If this distinction seems weird, let's look at how the report defines these things.
Confidence [is] the validity of a finding based on the type, amount, quality, strength, and consistency of evidence (such as mechanistic understanding, theory, data, models, and expert judgment); the skill, range, and consistency of model projections; and the degree of agreement within the body of literature.
Likelihood, or probability of an effect or impact occurring, is based on measures of uncertainty expressed probabilistically (based on the degree of understanding or knowledge, e.g., resulting from evaluating statistical analyses of observations).
This is not the first time this kind of thing has been done. But with the new report in the news now, it's worth reflecting for a moment on these definitions because they lie at the root of how all science works, why it works and why science is so valuable to successful societies.
Science does a lot of things. It shows us cool things about the universe, like black holes and DNA. But it also gives us some ability to predict and control the world. This is useful in a lot of ways like, say, not dying in a hurricane that you didn't know was coming.
But as Yogi Berra so famously said: "Prediction is hard, especially about the future." So what the CSSR gives us is an explicit scale for both confidence and likelihood that it applies to every scientific claim it is making. For confidence, that scale ranges from very high to low. For likelihood, the scale ranges from virtually certain to exceptionally unlikely.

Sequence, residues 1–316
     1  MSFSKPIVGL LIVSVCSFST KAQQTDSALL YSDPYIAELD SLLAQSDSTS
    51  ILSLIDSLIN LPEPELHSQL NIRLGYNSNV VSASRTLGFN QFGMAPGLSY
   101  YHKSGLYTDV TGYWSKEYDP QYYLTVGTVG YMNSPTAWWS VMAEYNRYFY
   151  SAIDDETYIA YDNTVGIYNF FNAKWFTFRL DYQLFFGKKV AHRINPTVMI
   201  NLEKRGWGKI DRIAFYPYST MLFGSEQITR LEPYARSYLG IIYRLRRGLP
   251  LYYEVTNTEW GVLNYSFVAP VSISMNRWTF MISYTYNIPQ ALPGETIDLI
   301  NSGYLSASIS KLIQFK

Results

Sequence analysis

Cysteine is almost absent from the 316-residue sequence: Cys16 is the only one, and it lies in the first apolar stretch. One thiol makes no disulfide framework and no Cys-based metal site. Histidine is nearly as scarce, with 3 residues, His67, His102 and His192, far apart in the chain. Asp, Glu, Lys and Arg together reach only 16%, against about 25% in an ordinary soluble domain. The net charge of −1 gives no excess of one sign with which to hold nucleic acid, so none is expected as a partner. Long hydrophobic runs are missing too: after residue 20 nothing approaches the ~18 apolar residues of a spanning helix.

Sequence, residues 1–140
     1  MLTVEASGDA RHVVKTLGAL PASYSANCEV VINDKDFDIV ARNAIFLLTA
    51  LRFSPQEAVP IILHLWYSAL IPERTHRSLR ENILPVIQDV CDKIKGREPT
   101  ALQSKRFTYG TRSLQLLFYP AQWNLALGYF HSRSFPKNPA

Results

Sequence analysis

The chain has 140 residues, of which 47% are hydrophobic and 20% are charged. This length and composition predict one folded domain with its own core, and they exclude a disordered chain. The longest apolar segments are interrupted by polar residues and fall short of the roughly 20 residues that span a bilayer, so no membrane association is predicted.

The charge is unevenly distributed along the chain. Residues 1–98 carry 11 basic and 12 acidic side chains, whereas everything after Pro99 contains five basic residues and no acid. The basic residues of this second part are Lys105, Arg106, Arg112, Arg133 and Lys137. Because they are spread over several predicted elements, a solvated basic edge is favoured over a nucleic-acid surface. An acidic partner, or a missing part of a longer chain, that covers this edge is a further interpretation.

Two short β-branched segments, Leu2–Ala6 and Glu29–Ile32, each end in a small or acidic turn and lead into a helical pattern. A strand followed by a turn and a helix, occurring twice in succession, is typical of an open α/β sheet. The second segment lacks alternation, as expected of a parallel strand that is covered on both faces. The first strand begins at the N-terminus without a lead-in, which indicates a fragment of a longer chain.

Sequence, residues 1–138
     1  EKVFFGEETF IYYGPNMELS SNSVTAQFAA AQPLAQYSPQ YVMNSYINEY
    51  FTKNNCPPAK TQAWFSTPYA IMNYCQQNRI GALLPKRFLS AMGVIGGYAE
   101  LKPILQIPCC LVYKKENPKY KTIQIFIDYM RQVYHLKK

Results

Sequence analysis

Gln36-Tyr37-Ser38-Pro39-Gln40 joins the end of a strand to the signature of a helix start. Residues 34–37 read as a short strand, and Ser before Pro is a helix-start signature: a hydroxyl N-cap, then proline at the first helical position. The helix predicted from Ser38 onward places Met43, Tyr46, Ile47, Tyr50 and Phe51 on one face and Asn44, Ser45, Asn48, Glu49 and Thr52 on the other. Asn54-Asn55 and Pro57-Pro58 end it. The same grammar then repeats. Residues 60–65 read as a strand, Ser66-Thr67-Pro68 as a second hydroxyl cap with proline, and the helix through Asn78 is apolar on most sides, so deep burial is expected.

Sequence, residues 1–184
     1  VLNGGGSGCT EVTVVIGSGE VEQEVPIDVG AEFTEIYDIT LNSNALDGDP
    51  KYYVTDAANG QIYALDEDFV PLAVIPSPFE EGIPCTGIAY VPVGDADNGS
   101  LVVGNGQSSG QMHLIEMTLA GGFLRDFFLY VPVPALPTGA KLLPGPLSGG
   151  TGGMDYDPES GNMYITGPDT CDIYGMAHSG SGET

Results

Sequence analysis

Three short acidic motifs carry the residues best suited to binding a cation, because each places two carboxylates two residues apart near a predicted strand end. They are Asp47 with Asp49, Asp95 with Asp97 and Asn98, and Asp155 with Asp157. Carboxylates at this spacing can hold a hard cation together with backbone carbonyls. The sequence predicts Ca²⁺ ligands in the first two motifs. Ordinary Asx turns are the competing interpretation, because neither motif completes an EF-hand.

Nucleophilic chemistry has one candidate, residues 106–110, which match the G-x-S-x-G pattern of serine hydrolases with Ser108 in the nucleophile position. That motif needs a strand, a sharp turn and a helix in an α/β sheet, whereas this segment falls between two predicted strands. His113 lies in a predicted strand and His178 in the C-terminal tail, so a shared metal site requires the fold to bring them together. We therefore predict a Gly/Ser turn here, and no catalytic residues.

Here are two examples from the report. The first relates to the basics of climate change and the second relates to the more contentious issue of storms in a climate-changing world.
"Many lines of evidence demonstrate that it is extremely likely that human influence has been the dominant cause of the observed warming since the mid-20th century. Over the last century, there are no convincing alternative explanations supported by the extent of the observational evidence. Solar output changes and internal natural variability can only contribute marginally to the observed changes in climate over the last century, and there is no convincing evidence for natural cycles in the observational record that could explain the observed changes in climate. (Very high confidence)"
"For Atlantic and eastern North Pacific hurricanes and western North Pacific typhoons, increases are projected in precipitation rates (high confidence) and intensity (medium confidence). The frequency of the most intense of these storms is projected to increase in the Atlantic and western North Pacific (low confidence) and in the eastern North Pacific (medium confidence)."